Perhaps surprisingly, it’s only relatively recently that her now-signature use of explosive colour has found its way into her designs. “My marquetry work was the first timeI unashamedly allowed my love of colour and pattern to have a voice in my design work. I wasn’t always comfortable with the way I look being associated with what I do.” A residency in Mexico City in 2014, part of the Designer of the Future Award, resulted in her Guadalupe Daybed and Guadalupe Vases for Bitesso Ceramiche, and cemented the role of colour and pattern in her work, finally allowing her love of postmodern and Memphis design to really shine through.

Since then, Wood has created windows for Hermès, currently lectures at top Swiss art school ECAL, and next year will be the artist in residence at ‘Room On The Roof,’ for de Bijenkorf and the Rijksmuseum in Amsterdam. But what she’s most proud of is simply surviving: “All of those things make me proud. But what I’m most proud of is that I’m still here. I’m able to do what I love, engage creatively with other people and build my life around that. I don’t think I’d be happy if I was doing anything else.”

Bethan Laura Wood’s Guadalupe Vases for Bitossi Ceramiche are available from the Design Museum Shop from £390.

Raw Edges

From dip-dyed wooden furniture and gravity-defying stacks of drawers to dizzyingly vibrant floors for Stella McCartney, London design studio Raw Edges leaves a trail of colour and pattern wherever it goes.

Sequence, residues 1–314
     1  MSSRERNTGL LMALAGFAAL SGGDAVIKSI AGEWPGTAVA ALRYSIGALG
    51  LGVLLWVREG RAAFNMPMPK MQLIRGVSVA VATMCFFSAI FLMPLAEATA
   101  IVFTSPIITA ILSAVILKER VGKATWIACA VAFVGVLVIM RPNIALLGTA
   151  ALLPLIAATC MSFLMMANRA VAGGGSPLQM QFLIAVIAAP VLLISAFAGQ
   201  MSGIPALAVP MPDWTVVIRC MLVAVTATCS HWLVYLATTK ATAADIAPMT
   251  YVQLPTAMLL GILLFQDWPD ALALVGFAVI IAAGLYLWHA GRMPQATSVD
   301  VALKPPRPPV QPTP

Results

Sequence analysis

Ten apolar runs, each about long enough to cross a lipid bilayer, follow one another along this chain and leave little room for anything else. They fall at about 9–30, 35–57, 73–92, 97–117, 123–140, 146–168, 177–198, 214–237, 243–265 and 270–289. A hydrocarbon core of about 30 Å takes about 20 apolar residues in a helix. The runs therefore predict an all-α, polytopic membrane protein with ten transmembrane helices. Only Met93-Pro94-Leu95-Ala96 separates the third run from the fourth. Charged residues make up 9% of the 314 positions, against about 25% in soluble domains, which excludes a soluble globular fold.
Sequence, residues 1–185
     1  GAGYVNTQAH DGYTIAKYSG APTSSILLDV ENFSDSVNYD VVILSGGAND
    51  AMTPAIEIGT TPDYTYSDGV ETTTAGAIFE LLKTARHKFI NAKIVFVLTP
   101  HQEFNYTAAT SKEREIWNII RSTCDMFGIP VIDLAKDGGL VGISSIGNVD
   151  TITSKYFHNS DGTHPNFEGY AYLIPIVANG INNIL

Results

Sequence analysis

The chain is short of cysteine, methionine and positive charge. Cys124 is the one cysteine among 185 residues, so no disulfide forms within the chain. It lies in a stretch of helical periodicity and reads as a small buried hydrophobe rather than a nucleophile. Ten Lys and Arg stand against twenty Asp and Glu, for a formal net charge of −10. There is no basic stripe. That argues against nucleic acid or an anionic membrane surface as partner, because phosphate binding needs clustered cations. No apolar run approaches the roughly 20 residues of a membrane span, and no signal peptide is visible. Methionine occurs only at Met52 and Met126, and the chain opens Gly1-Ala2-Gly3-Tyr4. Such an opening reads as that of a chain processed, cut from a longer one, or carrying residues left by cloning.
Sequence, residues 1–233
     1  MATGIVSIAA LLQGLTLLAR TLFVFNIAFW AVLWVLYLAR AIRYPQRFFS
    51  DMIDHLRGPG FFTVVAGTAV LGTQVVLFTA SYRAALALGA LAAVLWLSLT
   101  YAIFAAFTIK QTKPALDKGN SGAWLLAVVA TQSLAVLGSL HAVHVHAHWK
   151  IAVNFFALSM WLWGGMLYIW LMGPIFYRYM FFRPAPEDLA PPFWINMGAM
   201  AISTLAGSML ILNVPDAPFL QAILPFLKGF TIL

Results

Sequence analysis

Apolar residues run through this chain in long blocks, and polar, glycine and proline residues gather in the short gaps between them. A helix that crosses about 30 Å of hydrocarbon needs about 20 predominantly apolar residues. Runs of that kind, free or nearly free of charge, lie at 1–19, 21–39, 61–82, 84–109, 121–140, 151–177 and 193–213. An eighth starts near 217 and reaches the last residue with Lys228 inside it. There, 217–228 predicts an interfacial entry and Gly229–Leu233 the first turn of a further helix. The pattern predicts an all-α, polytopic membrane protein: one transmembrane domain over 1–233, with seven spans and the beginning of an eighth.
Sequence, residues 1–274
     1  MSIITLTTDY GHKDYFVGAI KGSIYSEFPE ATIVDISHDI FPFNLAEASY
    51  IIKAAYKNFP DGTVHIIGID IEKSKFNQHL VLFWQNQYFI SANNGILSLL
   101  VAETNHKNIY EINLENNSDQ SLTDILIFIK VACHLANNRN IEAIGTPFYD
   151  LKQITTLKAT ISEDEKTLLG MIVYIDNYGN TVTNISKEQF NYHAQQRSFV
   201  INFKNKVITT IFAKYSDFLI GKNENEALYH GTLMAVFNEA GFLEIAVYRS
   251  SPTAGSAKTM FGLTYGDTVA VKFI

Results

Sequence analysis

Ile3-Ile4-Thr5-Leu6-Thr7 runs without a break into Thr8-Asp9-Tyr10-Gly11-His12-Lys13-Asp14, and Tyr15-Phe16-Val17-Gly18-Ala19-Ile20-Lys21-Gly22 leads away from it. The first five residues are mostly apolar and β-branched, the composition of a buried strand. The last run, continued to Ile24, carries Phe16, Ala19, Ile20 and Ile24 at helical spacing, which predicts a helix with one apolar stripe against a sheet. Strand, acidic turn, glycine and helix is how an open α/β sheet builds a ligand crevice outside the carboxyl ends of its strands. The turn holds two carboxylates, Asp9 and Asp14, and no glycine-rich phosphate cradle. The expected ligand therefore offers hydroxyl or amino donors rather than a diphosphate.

Walk into Raw Edges’ North London studio and the first thing you notice is a neat row of containers, suspended at 45 degrees, filled with brightly coloured dye. Look up and you’ll see dye-soaked wood, piled high and arranged by hue into a vertical rainbow. These are the building blocks of the Herringbones and Endgrain collections – two of the projects that have established the Israeli-born co-founders of Raw Edges, Yael Mer and Shay Alkalay, both 39, as rising stars of design. Their Herringbones furniture is made from planks of pine and jelutong dipped into those angled vats to create overlapping areas of colour, whereas Endgrain comprises blocks of wood that have been fully saturated in hot dye and arranged with their ‘end grain’ visible, like a traditional butcher’s block. The pair has applied this concept to everything from simple shelving to their three-dimensional floor with furniture ‘growing’ out of it at Chatsworth House. Their work forms part of an industry-wide move towards brighter colours after a long dalliance with the typically understated hues of Scandi style. The large studio it all happens in gives them space to think. “It means we don’t have to be polite – we can experiment,” says Mer.